Having come across this wonderful "family gathering" photograph, I sent it to Judy from the Stewiacke Valley Museum Facebook page.  She kindly passed it on to one of the people in the photograph, a young girl in the photo, Mrs. Freda MacKay Rogers. Mrs. Rogers identified everyone in the picture, and also was able to date the photograph at 1953 or 1954.

Here is an alphabetical list, by surname, of everyone in the picture:

Berkelow, Maria Deyarmond
Deyarmond, Adela Roode
Deyarmond, Art
Deyarmond, Dick
Deyarmond, Eldridge
Deyarmond, Frank
Deyarmond, Jean Cox
Deyarmond, Lance
Deyarmond, Lester
Deyarmond, Mary Graham
Deyarmond, Terry
Deyarmond, Wayne
Fisher, Curtis
Fisher, Velva Deyarmond
Goff, Doris Whidden
Graham, Betty Deyarmond
Graham, Gordon
Hamilton, Albert
Hamilton, Stella
Johnson, Ella Deyarmond
Johnson, Herman
Johnson, Von
MacKay, Alice Deyarmond
MacKay, Ian
MacKay, Freda
MacKay, Norman
MacKay, Robert
Stevenson, Deanna
Stevenson, Laura Deyarmond
Stevenson, Linda
Stevenson, Lloyd
Whidden, Foster
Whidden, Frances
Whidden, Gary
Whidden, Harry
Whidden, Nettie Deyarmond
Whidden Philip
Whidden, Roy

Albert Hamilton and Stella Hamilton are my great great uncle and aunt, respectively, siblings of my great grandmother, although, in one way or another, I am related to all 38 people in this picture.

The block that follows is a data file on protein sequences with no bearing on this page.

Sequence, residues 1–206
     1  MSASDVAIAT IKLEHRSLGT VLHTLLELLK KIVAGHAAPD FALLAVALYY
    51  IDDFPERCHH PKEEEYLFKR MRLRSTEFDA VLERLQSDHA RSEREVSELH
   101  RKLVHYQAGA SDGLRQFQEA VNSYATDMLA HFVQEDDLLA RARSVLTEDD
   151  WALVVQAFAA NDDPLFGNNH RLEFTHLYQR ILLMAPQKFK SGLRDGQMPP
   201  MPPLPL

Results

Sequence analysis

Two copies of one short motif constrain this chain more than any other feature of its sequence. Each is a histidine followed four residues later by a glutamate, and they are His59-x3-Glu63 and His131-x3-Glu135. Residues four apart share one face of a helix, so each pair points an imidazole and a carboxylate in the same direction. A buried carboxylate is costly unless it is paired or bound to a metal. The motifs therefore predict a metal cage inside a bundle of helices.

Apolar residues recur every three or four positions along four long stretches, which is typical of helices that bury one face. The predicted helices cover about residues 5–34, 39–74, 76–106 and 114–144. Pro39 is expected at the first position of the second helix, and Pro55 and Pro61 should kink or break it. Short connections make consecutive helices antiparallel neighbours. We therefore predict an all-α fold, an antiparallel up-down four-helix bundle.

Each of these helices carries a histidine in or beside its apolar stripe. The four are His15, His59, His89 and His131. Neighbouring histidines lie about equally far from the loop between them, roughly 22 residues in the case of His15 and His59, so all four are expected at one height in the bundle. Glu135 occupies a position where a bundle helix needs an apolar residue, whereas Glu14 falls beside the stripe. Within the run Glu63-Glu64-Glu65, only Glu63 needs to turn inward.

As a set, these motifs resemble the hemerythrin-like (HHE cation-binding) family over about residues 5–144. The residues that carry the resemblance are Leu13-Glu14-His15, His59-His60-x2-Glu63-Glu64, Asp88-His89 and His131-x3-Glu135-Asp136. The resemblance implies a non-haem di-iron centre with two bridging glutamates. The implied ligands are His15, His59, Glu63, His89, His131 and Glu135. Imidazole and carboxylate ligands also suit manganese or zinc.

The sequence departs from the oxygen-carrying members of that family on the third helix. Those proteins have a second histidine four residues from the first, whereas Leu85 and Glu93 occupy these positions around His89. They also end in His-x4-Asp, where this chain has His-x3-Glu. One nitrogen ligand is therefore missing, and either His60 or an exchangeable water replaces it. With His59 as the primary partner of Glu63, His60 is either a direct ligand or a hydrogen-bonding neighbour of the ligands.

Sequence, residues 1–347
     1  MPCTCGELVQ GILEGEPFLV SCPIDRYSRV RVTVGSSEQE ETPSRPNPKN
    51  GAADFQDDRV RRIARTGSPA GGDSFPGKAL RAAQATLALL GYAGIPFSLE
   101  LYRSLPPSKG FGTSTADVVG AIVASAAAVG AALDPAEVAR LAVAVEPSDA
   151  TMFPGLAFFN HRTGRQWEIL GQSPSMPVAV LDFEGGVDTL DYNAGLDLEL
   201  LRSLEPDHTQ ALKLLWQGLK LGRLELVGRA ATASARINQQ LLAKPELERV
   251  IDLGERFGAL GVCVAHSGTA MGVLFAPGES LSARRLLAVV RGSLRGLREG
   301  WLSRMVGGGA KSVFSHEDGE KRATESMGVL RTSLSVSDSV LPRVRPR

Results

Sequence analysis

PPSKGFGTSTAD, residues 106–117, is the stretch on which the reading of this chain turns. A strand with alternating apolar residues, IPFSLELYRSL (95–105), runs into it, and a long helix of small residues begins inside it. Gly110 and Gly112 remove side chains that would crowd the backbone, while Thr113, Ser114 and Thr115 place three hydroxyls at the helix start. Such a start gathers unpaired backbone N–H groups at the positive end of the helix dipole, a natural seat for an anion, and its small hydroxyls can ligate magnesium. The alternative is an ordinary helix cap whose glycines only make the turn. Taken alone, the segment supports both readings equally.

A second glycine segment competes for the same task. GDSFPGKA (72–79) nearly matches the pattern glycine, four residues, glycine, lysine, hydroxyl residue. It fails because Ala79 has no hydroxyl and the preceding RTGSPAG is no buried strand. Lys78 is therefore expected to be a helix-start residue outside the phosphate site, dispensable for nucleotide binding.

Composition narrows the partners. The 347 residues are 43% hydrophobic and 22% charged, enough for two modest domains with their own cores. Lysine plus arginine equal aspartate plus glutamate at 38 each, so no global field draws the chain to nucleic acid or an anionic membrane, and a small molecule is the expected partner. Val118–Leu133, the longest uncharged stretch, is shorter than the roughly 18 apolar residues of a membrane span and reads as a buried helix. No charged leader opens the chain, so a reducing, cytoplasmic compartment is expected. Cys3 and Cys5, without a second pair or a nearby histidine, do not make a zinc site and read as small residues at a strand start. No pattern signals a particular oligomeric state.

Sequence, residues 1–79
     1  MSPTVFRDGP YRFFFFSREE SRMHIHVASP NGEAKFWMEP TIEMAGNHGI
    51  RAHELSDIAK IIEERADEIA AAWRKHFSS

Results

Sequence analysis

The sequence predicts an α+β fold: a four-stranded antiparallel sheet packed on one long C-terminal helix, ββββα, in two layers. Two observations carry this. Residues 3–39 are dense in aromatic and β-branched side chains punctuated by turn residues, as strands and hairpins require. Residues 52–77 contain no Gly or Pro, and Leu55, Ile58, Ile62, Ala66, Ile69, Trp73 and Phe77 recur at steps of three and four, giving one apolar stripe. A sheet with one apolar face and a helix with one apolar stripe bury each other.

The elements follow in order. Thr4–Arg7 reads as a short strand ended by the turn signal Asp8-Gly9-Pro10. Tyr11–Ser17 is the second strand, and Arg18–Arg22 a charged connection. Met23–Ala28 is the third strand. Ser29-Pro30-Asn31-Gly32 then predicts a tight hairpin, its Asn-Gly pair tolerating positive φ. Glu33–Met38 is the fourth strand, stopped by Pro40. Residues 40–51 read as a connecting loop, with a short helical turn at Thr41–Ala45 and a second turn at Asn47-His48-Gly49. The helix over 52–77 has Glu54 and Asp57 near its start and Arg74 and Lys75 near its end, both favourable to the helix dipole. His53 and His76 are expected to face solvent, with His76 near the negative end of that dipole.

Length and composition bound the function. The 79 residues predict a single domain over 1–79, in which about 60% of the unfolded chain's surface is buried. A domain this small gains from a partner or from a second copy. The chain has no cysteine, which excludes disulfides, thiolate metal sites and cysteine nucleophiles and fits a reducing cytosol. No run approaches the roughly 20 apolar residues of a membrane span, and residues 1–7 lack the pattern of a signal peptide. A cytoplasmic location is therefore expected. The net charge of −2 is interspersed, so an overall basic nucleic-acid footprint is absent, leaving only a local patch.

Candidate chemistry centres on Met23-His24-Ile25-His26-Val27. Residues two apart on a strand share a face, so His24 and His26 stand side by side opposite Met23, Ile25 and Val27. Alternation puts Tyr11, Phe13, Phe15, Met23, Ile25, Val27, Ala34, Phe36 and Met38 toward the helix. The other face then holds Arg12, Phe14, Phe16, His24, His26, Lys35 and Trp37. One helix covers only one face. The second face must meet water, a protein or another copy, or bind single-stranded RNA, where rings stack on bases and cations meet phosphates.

Sunday, October 13, 2013

Bustin's Fine Furniture, Ltd. of Saint John

My daughter, my mother, my son, my dad, and me at
Bustin's Furniture
Summer 2000

In my start-and-stop genealogy journey, one high point was the trip I took to Canada in 2000, with my two children and my parents. On my list of places to visit was Bustin's Fine Furniture in Saint John, New Brunswick. 

At the time of this visit, no one in my family (at least of those still living) knew how our Bustin line connected to this Bustin family. I was hopeful that someone in the store with family ties could give me some clues. Unfortunately, although they were as welcoming and friendly as could be, they did not have any ideas.

It has only been recently that I have connected the dots, so to speak.

On the store's website, under the heading called  "Our Story," the history of the business provided valuable genealogical facts.

Charles Leon Bustin (1870-1927) and Sam Withers opened Bustins & Withers on 99 Germain Street in Saint John in May of 1905.

Charles L. Bustin's father was the 2nd son of Hugh Bustin (1820-1900). Hugh Bustin and my 2nd great grandfather, Samuel James Bustin (1818-1897) were brothers.

Hugh Bustin died on this date in 1900.

Bustin's Furniture, 99 Germain St., Saint John, New Brunswick

Tuesday, September 10, 2013

Tombstone Tuesday ~ Patriot John Morse of Gray, Maine

John Morse
Born in Falmouth (now Portland), Maine
August 3, 1746
Died Gray, Maine
June 20, 1826

I found his grave this summer in the Gray Corner Cemetery,
 in Gray, Maine.

"Blessed are the pure in heart for
 they shall see God."